6. Dried fruit

I’m a fan of dried apricots, myself, despite that they are kind of disgusting for you. But this, like some of the other things on my list, is a quick hit of sugar and energy when I need it. I also work out a LOT, even while traveling, so a lot of the things on this list are designed to give me quick and easy calories.

7. Ground coffee

Don’t judge me. I love coffee so much that I bought a travel French press mug (this is the exact one I bought and love). I know in an ideal French press situation the coffee is supposed to be ground at the time of brewing, but I don’t have the time for that, ever. So I buy coarsely ground coffee, put it in the bottom of the mug, find hot water where I can at gas stations or hotels or whatever and brew my coffee in my mug. It’s one of my favorite purchases!

And here’s what I buy when/where I can:

1. Pickles

They generally need to be refrigerated so I don’t keep them with me. My two favorite sandwiches are: pickles and peanut butter & pickles and hummus. I also just like to eat them out of the bottle.

2. Hummus (and carrots, usually)

Of course! Hummus goes on my pickle-and-hummus sandwiches and it’s great for dipping carrots or other veggies in. Also, though, needs to be refrigerated so I buy it where I can and don’t keep it with me.

3. Lemon juice

This goes on the chickpeas. Yes, I love plain chickpeas but chickpeas drizzled with a bit of lemon juice (and sometimes mixed with chopped carrots and pepper) – one of my favorite fucking meals ever.

4. Fresh fruit & veggies

A no brainer! I can’t travel with fresh fruit most of the time (occasionally apples, bananas) so I buy things like pineapple and peaches when I get the chance. I love fruit so whenever I am in a city for longer than a day, I’ll get some. I also do peanut butter and banana sandwiches, so that’s another one of my faves.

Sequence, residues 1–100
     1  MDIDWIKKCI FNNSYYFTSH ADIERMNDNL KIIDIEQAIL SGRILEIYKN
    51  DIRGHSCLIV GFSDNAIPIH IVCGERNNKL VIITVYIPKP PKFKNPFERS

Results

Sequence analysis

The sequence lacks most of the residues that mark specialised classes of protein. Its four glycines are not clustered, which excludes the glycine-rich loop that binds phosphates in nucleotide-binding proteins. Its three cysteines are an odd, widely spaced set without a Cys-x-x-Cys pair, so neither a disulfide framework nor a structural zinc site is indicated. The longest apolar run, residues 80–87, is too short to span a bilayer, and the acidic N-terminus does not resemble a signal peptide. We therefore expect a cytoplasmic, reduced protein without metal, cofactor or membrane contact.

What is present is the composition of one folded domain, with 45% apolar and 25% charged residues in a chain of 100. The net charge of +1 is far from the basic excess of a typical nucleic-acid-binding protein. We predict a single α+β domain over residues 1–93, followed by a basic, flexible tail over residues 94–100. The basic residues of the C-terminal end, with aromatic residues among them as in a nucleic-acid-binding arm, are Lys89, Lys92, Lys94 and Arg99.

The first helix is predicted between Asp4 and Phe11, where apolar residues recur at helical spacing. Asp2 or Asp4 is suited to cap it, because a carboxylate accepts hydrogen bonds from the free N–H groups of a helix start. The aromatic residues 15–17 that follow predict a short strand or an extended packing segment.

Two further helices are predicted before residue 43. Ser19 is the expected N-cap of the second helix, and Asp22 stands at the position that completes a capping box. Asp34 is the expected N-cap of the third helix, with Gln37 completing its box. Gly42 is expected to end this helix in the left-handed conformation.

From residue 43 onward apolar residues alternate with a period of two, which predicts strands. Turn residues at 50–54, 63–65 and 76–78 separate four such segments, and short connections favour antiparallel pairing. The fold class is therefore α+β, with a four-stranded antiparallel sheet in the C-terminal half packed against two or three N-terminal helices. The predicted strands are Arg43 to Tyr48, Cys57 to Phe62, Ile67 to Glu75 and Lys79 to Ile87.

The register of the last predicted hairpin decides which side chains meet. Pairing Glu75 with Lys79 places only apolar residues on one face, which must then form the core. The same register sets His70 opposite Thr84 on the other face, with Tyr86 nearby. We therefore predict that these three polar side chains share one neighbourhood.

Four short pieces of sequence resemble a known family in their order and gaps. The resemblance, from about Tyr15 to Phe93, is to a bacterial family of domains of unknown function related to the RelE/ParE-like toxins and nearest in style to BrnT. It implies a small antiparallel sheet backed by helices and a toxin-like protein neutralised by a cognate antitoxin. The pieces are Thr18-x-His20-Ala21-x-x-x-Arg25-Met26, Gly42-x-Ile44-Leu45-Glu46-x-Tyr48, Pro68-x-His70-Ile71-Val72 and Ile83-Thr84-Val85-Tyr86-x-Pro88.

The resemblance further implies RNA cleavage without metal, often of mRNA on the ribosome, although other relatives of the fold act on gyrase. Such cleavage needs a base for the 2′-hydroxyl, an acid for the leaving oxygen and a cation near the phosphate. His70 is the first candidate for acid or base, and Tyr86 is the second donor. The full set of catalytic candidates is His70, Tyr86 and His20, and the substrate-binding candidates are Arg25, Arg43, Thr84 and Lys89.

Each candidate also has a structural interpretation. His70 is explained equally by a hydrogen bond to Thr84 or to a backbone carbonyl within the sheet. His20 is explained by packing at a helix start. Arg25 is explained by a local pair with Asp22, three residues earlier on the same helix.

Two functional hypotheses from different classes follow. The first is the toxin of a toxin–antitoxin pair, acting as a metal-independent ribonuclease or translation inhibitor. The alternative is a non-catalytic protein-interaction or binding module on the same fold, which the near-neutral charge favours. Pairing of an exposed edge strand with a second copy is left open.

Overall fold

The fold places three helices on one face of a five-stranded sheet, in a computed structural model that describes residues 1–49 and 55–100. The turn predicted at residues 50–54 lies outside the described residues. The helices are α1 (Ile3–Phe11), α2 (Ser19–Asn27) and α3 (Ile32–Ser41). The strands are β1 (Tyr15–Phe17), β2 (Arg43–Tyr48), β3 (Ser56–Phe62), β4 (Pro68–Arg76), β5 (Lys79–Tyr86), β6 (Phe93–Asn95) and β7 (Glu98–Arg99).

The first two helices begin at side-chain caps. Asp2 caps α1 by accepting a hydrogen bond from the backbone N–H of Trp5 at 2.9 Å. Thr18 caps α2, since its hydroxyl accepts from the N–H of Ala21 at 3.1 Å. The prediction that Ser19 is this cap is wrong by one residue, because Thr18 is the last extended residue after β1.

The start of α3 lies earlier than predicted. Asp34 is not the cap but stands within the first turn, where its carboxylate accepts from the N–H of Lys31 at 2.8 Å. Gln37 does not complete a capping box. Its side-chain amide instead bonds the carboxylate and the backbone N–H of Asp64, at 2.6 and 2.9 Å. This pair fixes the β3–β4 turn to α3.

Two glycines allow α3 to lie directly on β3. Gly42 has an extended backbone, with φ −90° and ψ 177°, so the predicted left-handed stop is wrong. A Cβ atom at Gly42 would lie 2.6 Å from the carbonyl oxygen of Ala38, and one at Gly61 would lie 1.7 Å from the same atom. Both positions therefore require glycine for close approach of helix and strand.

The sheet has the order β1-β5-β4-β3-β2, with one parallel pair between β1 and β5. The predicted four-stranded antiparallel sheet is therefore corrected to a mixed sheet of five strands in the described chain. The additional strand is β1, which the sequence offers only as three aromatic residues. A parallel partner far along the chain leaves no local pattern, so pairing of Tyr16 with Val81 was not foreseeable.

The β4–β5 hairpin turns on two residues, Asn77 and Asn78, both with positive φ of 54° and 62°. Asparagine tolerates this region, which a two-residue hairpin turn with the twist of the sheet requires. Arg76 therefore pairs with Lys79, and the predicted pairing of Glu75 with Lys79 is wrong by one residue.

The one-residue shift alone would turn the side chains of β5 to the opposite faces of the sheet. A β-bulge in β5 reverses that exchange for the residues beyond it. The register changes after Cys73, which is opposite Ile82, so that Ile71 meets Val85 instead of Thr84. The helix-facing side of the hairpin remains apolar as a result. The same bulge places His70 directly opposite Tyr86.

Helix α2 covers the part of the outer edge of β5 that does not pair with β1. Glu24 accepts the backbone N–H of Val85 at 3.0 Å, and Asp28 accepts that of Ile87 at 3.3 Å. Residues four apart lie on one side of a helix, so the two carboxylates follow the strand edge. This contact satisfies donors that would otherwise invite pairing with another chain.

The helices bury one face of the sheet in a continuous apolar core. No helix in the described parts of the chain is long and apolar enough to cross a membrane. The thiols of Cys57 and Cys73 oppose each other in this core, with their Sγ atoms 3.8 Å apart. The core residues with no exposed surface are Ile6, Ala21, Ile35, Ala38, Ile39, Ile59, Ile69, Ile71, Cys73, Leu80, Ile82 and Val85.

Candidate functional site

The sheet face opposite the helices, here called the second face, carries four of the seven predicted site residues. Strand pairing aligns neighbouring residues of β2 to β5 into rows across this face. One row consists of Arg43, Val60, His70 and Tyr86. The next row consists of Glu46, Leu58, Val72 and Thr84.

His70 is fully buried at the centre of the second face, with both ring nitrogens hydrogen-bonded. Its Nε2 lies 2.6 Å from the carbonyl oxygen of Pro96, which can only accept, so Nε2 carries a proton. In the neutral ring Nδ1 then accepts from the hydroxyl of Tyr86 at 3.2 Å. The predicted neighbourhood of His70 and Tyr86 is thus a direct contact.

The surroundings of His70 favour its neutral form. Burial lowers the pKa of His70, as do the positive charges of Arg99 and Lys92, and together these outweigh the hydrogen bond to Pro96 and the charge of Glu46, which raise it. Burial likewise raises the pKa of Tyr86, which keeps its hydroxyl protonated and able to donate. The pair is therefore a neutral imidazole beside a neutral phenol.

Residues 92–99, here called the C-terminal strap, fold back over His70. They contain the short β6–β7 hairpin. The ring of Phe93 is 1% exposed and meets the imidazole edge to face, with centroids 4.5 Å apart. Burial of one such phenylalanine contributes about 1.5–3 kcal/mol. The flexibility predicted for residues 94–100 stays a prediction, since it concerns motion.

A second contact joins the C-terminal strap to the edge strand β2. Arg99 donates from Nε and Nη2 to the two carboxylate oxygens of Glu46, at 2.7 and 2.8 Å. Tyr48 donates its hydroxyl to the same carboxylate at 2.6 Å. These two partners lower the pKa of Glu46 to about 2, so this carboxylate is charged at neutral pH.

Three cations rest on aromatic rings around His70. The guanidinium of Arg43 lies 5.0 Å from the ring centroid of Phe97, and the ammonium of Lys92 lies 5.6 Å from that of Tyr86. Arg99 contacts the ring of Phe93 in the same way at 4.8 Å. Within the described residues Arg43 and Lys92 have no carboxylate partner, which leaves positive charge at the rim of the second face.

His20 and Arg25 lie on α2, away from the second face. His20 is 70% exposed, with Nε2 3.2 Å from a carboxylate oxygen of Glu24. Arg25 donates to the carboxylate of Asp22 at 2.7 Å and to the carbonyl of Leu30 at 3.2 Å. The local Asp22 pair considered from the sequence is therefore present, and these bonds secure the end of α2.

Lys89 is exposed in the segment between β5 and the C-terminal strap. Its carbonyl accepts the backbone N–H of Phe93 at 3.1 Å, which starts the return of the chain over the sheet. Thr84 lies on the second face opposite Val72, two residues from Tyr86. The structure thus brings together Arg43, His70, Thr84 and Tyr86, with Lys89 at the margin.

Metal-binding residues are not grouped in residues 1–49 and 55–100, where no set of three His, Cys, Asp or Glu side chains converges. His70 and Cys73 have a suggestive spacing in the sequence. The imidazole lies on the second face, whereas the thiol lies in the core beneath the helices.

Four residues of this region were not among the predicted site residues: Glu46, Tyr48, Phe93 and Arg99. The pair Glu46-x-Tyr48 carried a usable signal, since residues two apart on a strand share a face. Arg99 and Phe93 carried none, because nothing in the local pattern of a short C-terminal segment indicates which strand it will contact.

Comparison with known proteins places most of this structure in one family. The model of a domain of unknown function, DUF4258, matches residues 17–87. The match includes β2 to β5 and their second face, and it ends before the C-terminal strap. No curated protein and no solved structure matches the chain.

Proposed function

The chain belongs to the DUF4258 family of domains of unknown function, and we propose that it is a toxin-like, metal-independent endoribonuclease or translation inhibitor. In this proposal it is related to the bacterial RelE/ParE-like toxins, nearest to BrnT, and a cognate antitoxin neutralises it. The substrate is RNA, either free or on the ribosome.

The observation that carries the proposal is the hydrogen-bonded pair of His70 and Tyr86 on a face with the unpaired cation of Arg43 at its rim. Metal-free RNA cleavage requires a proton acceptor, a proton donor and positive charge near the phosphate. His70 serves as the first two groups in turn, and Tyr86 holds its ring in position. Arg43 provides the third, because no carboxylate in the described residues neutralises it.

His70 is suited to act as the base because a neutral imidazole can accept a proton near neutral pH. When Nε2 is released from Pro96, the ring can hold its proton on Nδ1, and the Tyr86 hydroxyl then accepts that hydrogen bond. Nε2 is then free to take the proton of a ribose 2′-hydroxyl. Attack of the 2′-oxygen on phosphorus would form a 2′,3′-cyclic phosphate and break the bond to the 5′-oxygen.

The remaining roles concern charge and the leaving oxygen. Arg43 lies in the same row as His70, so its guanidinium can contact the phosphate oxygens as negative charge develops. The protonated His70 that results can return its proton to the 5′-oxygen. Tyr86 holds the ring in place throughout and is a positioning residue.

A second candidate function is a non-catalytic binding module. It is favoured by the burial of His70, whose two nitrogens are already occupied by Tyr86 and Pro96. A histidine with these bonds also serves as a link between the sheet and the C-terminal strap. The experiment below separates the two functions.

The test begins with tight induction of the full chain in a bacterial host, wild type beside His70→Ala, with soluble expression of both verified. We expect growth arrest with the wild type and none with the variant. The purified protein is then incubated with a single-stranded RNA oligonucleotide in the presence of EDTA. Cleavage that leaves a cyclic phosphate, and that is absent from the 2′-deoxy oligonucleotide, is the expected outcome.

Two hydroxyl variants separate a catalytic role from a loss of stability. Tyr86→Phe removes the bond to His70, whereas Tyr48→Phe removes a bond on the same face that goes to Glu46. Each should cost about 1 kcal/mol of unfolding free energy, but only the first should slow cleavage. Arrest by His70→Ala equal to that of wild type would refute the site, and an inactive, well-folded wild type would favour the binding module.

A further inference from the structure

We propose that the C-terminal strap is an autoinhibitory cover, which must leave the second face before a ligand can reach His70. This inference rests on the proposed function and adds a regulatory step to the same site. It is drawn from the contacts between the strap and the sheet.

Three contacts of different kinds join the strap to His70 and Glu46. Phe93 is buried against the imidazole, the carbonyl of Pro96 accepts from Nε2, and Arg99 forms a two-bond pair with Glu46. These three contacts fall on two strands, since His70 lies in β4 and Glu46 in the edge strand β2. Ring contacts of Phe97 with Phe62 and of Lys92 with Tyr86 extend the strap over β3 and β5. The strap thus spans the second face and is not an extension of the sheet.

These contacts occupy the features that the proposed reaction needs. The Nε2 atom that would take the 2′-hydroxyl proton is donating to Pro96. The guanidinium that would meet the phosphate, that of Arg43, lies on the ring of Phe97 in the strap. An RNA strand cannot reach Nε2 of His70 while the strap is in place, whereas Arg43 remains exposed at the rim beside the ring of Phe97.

5. Salad ingredients and salad dressing

A simple, easy meal to make in an airBNB. I normally buy the prepacked “salad kid=ts” at Trader Joe’s or whatever grocery store I’m in so I don’t have to buy a bunch of different veggies and waste them. A bit of salad dressing (oil-based, not dairy) and I’m good to go.

6. Prepared meals at Whole Foods or Trader Joe’s

Oh Trader Joe’s tofu spring rolls, why can’t I quit you? Sure, these things can get a bit expensive, but they are less expensive than eating at restaurants and perfect for when I want a pick-me-up. Things I love include: aforementioned spring rolls, TJ’s hummus rollups, Whole Foods veggie sushi.

7. Cold vegan specialty goods

It’s weird considering I didn’t used to like processed vegan food, but I love Tofurky veggie dogs. Unfortunately, they also need to be kept cold, so I can’t travel with them. I also love Beyond Meat chicken strips and when I can, I’ll buy a little thing of Vegenaise for some sandwich making!

There you have it. This is how I manage a full-time road trip while trying to remain (mostly) healthy. No potato chips or soda or any garbage like that.

Hopefully you haven’t judged me too much by my weird food combinations, but here’s a tip: don’t knock it til you’ve tried it!

Tips To Find Fun Things To Do For Free While Traveling

Tips To Find Fun Things To Do For Free While Traveling

Think you can’t come up with lots of cool, fun things to do for free while you’re traveling? I thought so, too, before I started this trip, but then I realized that the best activities are the free ones. Now, before you roll your eyes, hear me out: often, it costs money to do man-made indoor things. Seeing concerts, attending art shows, paying high admission to man-made attractions: these are all things that can suck up your money. Often, the free or relatively cheap things to do involve having experiences, talking to people, and getting out and doing some research. Below, I’ll walk you through some fun things to do for free that I’ve found exist in almost every city.

1. Stroll through outdoor art venues

Most big cities have art districts, where there are streets lined with galleries on either side. In these art districts, it’s very common to see lots of sculptures up for display outdoors. Sure, if you want to, you can pay a small amount to get into the galleries, but you don’t have to. Just strolling through the artsy areas of the cities will be enough to give you a great experience. Even in smaller cities, if there are not designated art venues, there are often pieces of outdoor art you can find with a bit of research. You’ll get to see something cool, take some pictures, and not spend any money!

2. Visit beaches and parks